15 Years After 9-11: Why The Suffering Continues
Politics and Activism

15 Years After 9-11: Why The Suffering Continues

The 2001 attacks have turned into a competition for who has suffered more

15 Years After 9-11: Why The Suffering Continues
Jackie, Monmouth County, NJ

The 15th anniversary of the 2001-9-11 terrorist attacks just passed, and with it came a wide variety of online opinions. I do not want to talk about 9/11—thousands have already said everything I would have to say. Instead, I want to address the variety of comments I have seen regarding the attacks of 15 years ago.

First, and most importantly, suffering is not a competition.

Everyone who was injured or killed in the plane crashes or in or around the World Trade Center and Pentagon obviously suffered. Their friends and families suffered. Nothing can undo what they endured and continue to endure.

Additionally, people across the country and even around the world were profoundly affected by the attacks and what they were intended to symbolize. Obviously that cannot compare to losing a loved one, but that does not mean it is not valid or should be ignored.

Furthermore, to this day, scores of innocent Muslims are attacked or murdered every year because they look like the people who attacked us on 9/11. Even non-Muslims who happen to have head coverings, darker skin, or even just beards, are often attacked for looking too similar to the people who attacked us. Is that suffering inherently more important than the suffering of the people killed in the 9/11 attacks or their families and friends? Not necessarily, but that does not mean it is not valid or should be ignored. No number of dead Muslims is going to undo their suffering. It is just going to cause more suffering, it helps terrorists spread the lie that America hates Muslims. Attacking people for being different in some way is supposed to be their MO, not ours.

Additionally, since the 9/11 attacks, we have started wars in Afghanistan and Iraq, and we successfully captured or killed Osama bin Laden and several other high value targets. Personally, I would consider that a good thing. But I can approve of stopping the people behind the 9-11 attacks while still recognizing the innocent civilians who suffered because they happened to be born in the wrong place at the wrong time. Preventing terrorist leaders launching future attacks is good, but it is also important to remember that civilian casualties are a part of war, and when we enter into a new war, we know innocent families are going to be torn apart. Is their suffering inherently more important than the suffering of the people killed in the 9-11 attacks or their families and friends? Not necessarily, but that does not mean it is not valid or should be ignored. As anyone affected by the 9-11 attacks can tell you, few things are more terrifying than having your life turned upside-down by a surprise attack from a power an ocean away.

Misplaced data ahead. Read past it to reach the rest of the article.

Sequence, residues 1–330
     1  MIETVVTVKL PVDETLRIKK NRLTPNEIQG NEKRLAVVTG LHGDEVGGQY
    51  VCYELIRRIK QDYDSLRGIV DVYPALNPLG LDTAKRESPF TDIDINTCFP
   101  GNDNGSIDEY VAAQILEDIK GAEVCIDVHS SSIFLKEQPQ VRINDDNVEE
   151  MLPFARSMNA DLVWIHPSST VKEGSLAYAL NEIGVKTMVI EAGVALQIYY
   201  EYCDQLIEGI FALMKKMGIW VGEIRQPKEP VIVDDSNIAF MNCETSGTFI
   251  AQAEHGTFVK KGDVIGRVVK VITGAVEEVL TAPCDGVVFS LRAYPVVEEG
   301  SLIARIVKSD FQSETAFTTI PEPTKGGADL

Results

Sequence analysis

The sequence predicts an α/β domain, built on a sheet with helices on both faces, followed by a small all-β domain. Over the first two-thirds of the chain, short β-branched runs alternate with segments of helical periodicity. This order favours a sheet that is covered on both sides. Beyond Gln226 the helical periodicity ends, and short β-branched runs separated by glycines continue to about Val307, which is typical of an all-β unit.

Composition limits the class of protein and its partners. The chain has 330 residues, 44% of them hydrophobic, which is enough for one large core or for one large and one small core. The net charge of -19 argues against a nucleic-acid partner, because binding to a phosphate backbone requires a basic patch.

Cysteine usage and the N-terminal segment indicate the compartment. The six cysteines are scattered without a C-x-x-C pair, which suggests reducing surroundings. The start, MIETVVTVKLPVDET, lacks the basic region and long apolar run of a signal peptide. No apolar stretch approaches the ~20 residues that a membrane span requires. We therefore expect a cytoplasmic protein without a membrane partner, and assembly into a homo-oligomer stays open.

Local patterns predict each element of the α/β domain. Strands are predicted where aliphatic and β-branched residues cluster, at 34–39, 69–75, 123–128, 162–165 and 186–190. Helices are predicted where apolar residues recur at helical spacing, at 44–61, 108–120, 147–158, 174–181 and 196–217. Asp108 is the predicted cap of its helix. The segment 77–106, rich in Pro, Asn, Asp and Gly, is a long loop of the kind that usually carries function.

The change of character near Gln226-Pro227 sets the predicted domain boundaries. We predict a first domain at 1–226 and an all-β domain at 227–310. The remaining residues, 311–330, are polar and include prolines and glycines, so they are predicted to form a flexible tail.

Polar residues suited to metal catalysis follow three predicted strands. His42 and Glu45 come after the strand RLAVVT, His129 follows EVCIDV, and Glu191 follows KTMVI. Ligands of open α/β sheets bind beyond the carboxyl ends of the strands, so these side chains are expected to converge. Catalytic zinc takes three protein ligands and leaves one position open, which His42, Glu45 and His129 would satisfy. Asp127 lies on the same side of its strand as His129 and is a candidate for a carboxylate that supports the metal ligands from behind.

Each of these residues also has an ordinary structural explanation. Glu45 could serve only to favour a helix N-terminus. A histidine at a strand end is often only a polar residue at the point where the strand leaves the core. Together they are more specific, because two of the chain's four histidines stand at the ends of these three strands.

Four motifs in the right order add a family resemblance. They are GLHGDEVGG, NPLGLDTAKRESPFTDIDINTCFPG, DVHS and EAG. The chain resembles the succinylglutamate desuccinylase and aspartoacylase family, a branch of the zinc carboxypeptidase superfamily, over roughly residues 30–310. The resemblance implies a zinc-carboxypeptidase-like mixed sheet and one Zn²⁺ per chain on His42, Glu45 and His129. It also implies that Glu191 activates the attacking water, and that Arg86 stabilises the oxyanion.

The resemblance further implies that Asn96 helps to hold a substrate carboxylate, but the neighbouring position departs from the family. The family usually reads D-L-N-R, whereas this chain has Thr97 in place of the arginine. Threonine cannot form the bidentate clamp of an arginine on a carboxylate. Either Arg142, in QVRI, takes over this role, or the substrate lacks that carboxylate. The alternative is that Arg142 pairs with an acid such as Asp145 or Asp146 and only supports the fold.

My point is not that we should forget the attacks of 2001-9-11, or that we should stop opposing terrorism. My point is we need to stop arguing about who is suffering more and who needs to pay for it, as though that can accomplish anything. We need to be better than the terrorists who wanted to ignite waves of fear and hate.

Because when I remember 9/11, I remember those dead men are still winning.

Report this Content
This article has not been reviewed by Odyssey HQ and solely reflects the ideas and opinions of the creator.

119 People Reveal How The Pandemic Has Affected Their Love Lives, And Honestly... Relatable

"I haven't been able to get out of the 'talking phase' with anyone."

The reality is, there's no part of life the pandemic hasn't affected. Whether it's your work life, your home life, your social life, or your love life, coronavirus (COVID-19) is wreaking havoc on just about everything — not to mention people's health.

When it comes to romance, in particular, people are all handling things differently and there's no "right way" of making it through, regardless of your relationship status (single, taken, married, divorced, you name it). So, some of Swoon's creators sought out to hear from various individuals on how exactly their love lives have been affected since quarantine began.